January 13, 2013
Nearly ten years ago my wife had a very serious back surgery. She had been in pain for many years, her long and difficult and beautiful life as a dancer having come home to roost in the L 4/5 vertebrae of her spinal column. She had tried to avoid the surgery for as long as possible, but when she one time found herself incapable of getting off an airplane without the aid of a wheelchair—on the way to another dance workshop, of course—she decided the jig was up, and the surgeon's knife was the only way to live out her life with far less pain. So, she had the surgery. It was worse than she and I had ever imagined.
She found herself in bed for nearly three months, unable to walk on her own, unable to leave the house. Three more months of difficult and slow movement with the aid of a walker, followed by countless months of physical therapy, were the result of the fusion procedure in addition to the thorough cleansing of the spinal column and the necessary rearrangement of some of the body's most important nerves.
Diana is an ordained United Methodist pastor and a great lover of the scripture. As she lay in our bed, often in more pain than she had had before the surgery, she called often for me to read scripture to her. Today's passage from II-Isaiah was the one she asked for most often. In fact, she soon had it memorized and would speak it aloud with me as I read it to her. I cannot describe the great and soothing comfort these words provided for her, and for me, as we walked our journey toward healing and a reduction of pain. Whenever I read these ancient words again, I can still see my wife's face as she received the conviction of God's healing presence through the grand Isaianic poetry of some 2600 years ago.
Surely, the deep pain of the exiled Israelites was not unlike my wife's physical pain. After all, they had lost everything that they had been promised that they would always have. The land given to Abram by YHWH in the hoary past was now controlled by Babylonian pagans. The great temple of Jerusalem, which had stood for 350 years as the physical and spiritual center of their religious lives, was a smoking ruin. And because the temple was no more, the regular priestly practice of sacrifice and offering had been disrupted, seemingly forever. And the king directly descended from David, fulfilling the words of 2 Samuel 7, had been blinded and rendered childless by the cruel Nebuchadnezzar. All was gone, and with all those monstrous realities staring them in the face, one can be sure that many of the exiles lost faith in the God who had made those promises; perhaps that God did not finally exist after all.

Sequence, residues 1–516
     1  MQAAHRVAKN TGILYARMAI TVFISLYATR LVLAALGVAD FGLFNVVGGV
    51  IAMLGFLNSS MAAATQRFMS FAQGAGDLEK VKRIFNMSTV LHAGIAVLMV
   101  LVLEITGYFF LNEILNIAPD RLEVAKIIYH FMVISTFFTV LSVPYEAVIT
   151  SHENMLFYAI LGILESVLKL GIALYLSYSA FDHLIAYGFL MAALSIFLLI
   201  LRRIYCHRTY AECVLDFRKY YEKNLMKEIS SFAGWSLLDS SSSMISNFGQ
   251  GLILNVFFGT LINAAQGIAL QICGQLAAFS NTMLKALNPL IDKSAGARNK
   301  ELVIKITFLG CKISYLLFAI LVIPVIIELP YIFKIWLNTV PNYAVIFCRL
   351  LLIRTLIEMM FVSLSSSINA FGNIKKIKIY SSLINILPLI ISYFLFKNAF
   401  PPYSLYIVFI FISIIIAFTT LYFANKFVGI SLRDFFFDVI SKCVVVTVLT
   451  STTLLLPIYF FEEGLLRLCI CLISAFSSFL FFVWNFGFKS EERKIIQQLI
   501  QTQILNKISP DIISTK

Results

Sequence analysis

And into that cauldron of pain and confusion came the unknown poet we call II-Isaiah. We know precisely nothing about him, least of all his name. What we do know are his words, words that have brought hope to the hopeless and comfort to the afflicted for twenty-six centuries.
"Now, thus says YHWH." In the heart of the pagan city of Babylon with its giant tower of Marduk, Entemenanki, and its wonderful palace of the king, adorned with a second story garden of parks and trees, Isaiah announces that YHWH lives yet and that Marduk and Nebuchadnezzar do not in fact rule the world, as much as it appears that they do. And just who is this YHWH? This God is "the One who created you, Jacob, the One who shaped you, Israel" (43:1a).
The verbs here are telling. The first, "created" (bara' in Hebrew) is the first verb found in the Hebrew Bible. Genesis 1:1 proclaims that YHWH is first revealed as "creator" of sky and earth. But the second verb, "shaped" (yatser) is found in the second creation story of Genesis 2, where YHWH is described as an artist, using a moistened lump of clay to form/shape each human being and animal. YHWH creates and YHWH shapes the creation with skill and finesse and beauty. This YHWH is no distant and disconnected creator; this YHWH is with us, intimately shaping us and sustaining us.
Just how do these claims sound in the ears of exiles, hopeless and far from home? How do they sound to anyone in pain and distress? "Do not be afraid, because I have vindicated you! I have called your name; you are mine" (43:1b)! The verb I have translated "vindicate" is a famous and controversial one. It occurs most prominently at Job 19:25, where the sufferer, rejected by his so-called friends and seemingly attacked by the God he thought was his friend, shouts "I know that my vindicator is alive," using this same word, go'el. Of course, the traditional translation is "redeemer," and early Christians applied the word to the one they called their redeemer, Jesus of Nazareth. But surely what Isaiah has in mind for his fellow exiles is the certainty that YHWH has not forgotten God's people in Babylon. God has vindicated them, justified them, supported them, upheld them. Just as Isaiah began his prophecy with the unforgettable word of "comfort" for the exiles (40:1), Isaiah here again says to the sufferers that they are not alone; YHWH is still here with them in their suffering.